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Clockwise from left: four-year-old Jayven, 17-year-old Myah Gratton, two-month-old Isabella Manoakeesick, six-year-old Bethany and 30-year-old Amanda Clearwater.Chelsea Cowell/Facebook

Lawyers representing a 29-year-old man accused by Manitoba RCMP of killing his common-law partner, their three young children and teenage niece in a rural community southwest of Winnipeg are requesting a mental-health assessment from a provincial court to determine whether he is fit to stand trial.

The accused, Ryan Howard Manoakeesick, has been charged with five counts of first-degree murder. At a brief proceeding before a justice of the peace at a Winnipeg court on Friday, Aiyana McKenzie, an articling student from Wolson Roitenberg Robinson Wolson Minuk, the law firm that is defending Mr. Manoakeesick, requested a date for the assessment.

Mr. Manoakeesick was not present for the hearing. The court is expected to reconvene on the matter on Monday.

On Feb. 11, RCMP discovered Mr. Manoakeesick’s 30-year-old partner, Amanda Clearwater, lying dead in a ditch on a highway, a few kilometres away from their home in Carman, Man.

Less than three hours later, police found their three children – 2½-month-old Isabella, four-year-old Jayven and six-year-old Bethany – dead near a burning vehicle, where Mr. Manoakeesick was arrested. Later that day, police also found the body of Ms. Clearwater’s niece, 17-year-old Myah-Lee Gratton, at the one-bedroom bungalow where they had all lived.

Mr. Manoakeesick has been in custody since his arrest. Ms. McKenzie said the defence is not applying for bail.

The RCMP have declined to release the results of autopsies on the five victims, or their causes of death.

A fitness assessment would establish whether the murder charges against Mr. Manoakeesick can be tried in court. It would also help determine whether he was suffering from mental illness when he allegedly committed the killings.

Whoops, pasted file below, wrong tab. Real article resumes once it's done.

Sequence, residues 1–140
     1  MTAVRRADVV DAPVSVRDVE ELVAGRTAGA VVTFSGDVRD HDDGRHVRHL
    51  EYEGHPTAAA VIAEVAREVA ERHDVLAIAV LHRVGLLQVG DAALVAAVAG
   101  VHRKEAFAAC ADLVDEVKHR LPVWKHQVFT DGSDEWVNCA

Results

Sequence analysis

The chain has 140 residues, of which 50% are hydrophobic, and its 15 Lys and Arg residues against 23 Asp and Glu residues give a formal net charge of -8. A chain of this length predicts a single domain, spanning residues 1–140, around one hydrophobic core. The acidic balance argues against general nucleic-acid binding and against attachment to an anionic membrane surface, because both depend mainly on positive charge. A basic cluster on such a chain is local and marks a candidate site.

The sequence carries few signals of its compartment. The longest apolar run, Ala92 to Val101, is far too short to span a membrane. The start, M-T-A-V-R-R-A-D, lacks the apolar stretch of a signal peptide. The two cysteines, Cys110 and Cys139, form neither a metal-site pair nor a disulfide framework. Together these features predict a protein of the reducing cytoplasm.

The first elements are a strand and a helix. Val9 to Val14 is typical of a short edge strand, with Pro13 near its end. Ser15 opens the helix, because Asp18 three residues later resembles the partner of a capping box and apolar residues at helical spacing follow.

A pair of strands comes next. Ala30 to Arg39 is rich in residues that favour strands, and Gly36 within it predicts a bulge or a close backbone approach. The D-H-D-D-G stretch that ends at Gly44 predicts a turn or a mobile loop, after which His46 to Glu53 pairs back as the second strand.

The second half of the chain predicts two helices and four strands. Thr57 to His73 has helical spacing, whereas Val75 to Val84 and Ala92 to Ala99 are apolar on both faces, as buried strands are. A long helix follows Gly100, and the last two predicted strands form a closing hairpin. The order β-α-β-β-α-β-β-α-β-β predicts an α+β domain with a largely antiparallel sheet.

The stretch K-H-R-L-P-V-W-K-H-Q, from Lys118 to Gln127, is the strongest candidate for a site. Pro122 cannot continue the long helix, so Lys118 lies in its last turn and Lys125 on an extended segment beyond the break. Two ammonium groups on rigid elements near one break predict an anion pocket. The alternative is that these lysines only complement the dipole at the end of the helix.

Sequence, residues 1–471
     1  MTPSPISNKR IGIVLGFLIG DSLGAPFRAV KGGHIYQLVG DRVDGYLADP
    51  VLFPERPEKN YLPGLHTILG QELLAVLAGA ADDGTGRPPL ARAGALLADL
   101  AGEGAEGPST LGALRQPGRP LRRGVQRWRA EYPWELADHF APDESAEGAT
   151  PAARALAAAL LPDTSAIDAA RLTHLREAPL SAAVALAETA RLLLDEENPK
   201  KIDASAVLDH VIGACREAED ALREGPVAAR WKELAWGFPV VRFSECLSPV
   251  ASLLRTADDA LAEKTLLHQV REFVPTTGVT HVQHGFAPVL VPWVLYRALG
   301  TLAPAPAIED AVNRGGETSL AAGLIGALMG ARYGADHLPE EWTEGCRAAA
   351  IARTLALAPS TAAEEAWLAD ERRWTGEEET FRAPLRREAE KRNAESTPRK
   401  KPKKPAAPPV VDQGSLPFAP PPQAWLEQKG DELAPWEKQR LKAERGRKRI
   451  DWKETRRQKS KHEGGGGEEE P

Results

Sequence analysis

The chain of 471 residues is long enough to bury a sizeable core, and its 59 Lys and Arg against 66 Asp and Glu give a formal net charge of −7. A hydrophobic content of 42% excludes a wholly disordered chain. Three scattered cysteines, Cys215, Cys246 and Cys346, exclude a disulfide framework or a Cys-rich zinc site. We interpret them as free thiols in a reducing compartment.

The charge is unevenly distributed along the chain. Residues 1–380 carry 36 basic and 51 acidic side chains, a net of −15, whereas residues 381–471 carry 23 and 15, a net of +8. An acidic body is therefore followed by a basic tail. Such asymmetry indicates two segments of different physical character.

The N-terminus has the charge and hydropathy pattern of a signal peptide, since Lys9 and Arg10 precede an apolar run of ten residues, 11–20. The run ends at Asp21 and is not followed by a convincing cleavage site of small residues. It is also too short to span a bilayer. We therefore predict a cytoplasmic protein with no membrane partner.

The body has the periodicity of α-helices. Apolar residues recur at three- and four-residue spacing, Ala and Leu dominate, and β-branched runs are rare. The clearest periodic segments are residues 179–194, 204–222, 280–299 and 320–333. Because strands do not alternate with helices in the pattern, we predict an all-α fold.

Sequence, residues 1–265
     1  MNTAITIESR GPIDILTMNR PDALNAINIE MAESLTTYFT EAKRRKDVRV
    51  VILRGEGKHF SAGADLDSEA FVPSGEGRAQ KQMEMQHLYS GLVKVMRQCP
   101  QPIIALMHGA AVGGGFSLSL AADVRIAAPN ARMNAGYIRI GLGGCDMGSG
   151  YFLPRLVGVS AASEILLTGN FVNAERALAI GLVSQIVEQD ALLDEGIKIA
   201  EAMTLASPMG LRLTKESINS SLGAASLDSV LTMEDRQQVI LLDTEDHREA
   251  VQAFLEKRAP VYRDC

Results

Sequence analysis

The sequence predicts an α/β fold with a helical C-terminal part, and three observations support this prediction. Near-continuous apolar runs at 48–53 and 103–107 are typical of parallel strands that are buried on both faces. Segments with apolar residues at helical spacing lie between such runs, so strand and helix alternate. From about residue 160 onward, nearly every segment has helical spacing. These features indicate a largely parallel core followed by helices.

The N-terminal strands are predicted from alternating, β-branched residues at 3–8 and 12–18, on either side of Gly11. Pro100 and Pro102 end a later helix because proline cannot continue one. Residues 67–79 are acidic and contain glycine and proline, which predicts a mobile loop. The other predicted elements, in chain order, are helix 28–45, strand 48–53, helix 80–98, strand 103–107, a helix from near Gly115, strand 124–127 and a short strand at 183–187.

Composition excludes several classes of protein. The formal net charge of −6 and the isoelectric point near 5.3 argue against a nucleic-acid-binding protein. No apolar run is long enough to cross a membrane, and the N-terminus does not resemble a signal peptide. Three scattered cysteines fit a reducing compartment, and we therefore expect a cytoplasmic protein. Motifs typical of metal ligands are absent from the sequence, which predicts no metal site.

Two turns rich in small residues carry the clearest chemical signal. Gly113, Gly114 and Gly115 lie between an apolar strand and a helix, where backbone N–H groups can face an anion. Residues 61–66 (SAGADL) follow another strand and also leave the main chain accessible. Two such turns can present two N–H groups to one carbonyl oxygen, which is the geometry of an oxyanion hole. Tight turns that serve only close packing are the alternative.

The court would likely rely on a psychiatrist’s opinion and other evidence, including witness statements, to make its decision.

Laura Robinson, a lawyer at Wolson Roitenberg Robinson Wolson Minuk, is expected to lead Mr. Manoakeesick’s defence. The Winnipeg-based firm has been at the forefront of some of the country’s most noteworthy criminal cases, such as that of former hockey coach and convicted sex offender Graham James.

Court records indicate Mr. Manoakeesick has struggled with addictions and mental health. In 2019, he was convicted of mischief and sentenced to 18 months of probation. In that case, Provincial Court Justice Kelly Moar told him to control his methamphetamine addiction. “If you don’t do something, eventually, it’s going to cost you your family,” Justice Moar said.

In 2021, Mr. Manoakeesick found himself in court again, this time on impaired driving charges. He was taken into custody and then released on $1,000 bail. He was required to live at his home in Carman, which he rented with Ms. Clearwater.

Manitoba has the second-highest rate of intimate-partner violence among Canadian provinces, at 633 victims per 100,000 people, according to police-reported data from 2022.

A funeral for the family was held in Carman earlier this week, after a vigil in the small agricultural town.

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